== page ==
It’s a busy time for events at the moment, and the Scriba team are out and about visiting different workshops and panels, all across the country.
It was only recently that two of the Scriba family headed northwest to the city of Manchester, to attend a ‘Meet the Media’ session – staged by pro-manchester – helping PRs to develop meaningful relationships with regional journalists.
The two-hour talk – hosted by Business Cloud’s executive editor, Chris Maguire – featured a press-worthy panel of speakers, including:
– Shelina Begum – MEN Media
– Michael Ribbeck – The Business Desk North West (TBD NW)
– Karl Holbrook – Newsquest
– Anna de la Perelle – delaPR
– Guy Kilty – BBC Radio
– Jonathan Symcox – Business Cloud
So, without further ado, here are our top 11 takeaways from the day…
1) Timely phrasing – Journalists don’t mind the odd “hope you had a nice weekend” comment – however, not after Monday, as it makes the email feel less considered and genuine. And, a “Happy New Year” in March, is not okay.
2) Divided roles – Michael from TBD NW explained that only 30% of his job is journalism, the remaining 70% is dedicated to organising events and roundtables. They receive hundreds of emails every day and use circa 15 stories from these every day – so make your email relevant and to the point.
3) A journalist never forgets – It was revealed that “journalists have a long memory”, meaning that if someone says they’re going to turn up to a roundtable and doesn’t, it’s not forgotten in a hurry!
4) Don’t overlook the basics – All the panel shared the same frustrations around PRs sending press releases without including what the company does and where it is based. Without this information, the journalist doesn’t know if it’s relevant or not and will discard it.
5) Assessing the angle – Not all stories are newsworthy, and that’s okay. It’s vital to consider the press angle and if it’s not there, politely go back to your client (or boss) and explain that it may be better suited to a blog or internal comms piece. Otherwise, it could damage relationships and reputations between both your clients and journalists alike.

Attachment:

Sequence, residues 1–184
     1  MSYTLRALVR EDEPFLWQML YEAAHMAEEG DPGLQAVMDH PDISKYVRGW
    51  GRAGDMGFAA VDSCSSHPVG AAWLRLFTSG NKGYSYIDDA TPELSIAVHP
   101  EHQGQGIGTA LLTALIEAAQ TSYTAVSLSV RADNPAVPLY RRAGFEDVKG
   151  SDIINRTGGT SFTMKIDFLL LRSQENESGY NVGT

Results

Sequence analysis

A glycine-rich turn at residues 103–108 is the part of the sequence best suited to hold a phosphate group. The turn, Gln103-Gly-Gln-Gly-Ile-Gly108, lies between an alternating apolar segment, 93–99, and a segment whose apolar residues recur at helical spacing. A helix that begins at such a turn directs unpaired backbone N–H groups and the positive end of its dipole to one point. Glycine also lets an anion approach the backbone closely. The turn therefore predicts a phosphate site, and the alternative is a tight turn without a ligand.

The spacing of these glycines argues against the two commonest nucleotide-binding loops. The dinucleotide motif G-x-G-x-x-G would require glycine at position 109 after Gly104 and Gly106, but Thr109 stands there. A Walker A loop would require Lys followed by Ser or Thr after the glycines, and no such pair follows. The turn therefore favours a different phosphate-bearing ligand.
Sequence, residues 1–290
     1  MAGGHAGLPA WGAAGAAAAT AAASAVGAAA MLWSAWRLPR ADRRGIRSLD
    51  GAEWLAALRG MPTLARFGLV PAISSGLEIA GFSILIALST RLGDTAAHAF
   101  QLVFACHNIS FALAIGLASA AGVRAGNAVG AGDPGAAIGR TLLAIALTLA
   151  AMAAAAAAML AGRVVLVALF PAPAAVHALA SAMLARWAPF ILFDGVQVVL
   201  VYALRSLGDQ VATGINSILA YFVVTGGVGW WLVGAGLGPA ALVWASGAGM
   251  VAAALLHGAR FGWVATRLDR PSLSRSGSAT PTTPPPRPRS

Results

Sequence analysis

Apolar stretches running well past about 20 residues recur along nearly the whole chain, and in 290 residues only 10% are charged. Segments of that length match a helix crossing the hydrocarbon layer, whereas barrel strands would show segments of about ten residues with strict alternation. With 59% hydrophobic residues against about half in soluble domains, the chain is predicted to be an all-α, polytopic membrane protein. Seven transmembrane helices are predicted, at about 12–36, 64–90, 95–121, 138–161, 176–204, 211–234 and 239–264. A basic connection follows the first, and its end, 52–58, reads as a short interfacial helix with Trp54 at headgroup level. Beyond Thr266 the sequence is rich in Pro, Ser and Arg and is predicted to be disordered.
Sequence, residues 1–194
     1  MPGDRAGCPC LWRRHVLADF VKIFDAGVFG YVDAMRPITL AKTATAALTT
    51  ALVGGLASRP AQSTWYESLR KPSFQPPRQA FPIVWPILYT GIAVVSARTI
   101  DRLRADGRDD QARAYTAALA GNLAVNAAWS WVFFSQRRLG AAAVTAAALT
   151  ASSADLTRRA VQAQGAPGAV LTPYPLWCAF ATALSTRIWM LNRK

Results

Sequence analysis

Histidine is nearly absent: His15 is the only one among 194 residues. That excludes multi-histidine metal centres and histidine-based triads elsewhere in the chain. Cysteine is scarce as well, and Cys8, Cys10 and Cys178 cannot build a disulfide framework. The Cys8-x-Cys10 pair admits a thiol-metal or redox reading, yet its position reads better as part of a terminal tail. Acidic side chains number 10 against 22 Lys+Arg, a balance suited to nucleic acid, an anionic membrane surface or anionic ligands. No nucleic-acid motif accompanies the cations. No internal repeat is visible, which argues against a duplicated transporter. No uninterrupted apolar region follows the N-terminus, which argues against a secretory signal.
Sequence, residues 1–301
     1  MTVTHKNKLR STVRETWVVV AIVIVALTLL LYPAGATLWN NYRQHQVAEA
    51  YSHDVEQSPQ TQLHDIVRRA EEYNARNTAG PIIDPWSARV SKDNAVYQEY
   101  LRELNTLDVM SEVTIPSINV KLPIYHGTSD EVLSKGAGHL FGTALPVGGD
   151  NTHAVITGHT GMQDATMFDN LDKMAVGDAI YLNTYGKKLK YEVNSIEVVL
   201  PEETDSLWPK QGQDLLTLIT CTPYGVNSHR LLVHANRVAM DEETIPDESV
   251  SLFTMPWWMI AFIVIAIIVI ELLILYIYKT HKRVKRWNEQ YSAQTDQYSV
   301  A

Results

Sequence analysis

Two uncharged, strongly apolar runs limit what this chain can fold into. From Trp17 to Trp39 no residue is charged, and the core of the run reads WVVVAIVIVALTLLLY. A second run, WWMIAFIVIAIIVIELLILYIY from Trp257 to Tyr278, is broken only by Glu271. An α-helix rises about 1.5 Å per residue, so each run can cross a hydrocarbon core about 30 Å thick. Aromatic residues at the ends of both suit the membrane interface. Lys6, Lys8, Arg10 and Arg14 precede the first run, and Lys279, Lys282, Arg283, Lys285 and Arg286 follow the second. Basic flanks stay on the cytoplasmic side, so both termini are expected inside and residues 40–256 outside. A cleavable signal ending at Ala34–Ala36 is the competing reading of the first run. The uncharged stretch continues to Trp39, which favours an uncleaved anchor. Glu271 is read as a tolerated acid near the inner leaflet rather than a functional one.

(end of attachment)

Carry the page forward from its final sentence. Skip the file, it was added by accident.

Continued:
6) Staying away from the waffle – Jonathan from Business Cloud shared how one of his pet peeves with press releases is the superfluous language. He’s often found removing unnecessary adjectives of content he receives – and given journalists can only have 5-10 mins to rewrite each story, the ones that require less tweaking will inevitably gain greater favour.
7) Newsrooms are stretched – It’s no secret that an increasing number of newsrooms are increasingly understaffed, and that message rang true for all the panellists. Therefore, Karl added that PRs need to “thread the needle” for journalists, allowing them to immediately see the hook in such a time-pressure environment.
8) An insight into broadcast – Guy explained how, from a broadcast media perspective, stories in the traditional sense aren’t of much interest. Where the opportunities lie is in reactive commentary from business owners, who can relate their own experiences to what’s happening in the news.
9) Location, location, location – Interesting or unusual site visits or factory tours to give the story some context are a journalist’s bread and butter. So, think about the ‘full-package’ offer you’re selling-in, not just what the journalist can read, but also what can they see to give it a little more flavour.
10) It’s all about timing – Understand that the news agenda will always take priority, at any stage during the pitch process, even if you think it’s confirmed! You can make your pitch a stronger sell by preparing your client to comment on issues outside of your story – refusing to comment on topical issues makes it look like you’ve got something to hide. And remember, it’s okay to say you don’t know!
11) It takes two – The resounding message from the panel was that journalists are people too, and it’s something that many businesses and PRs forget when pitching in stories. Doing your research is crucial, to ensure your suggestions are relevant and tailored – if not, the journalists will pick this up straight away and your emails will be destined for the trash bin.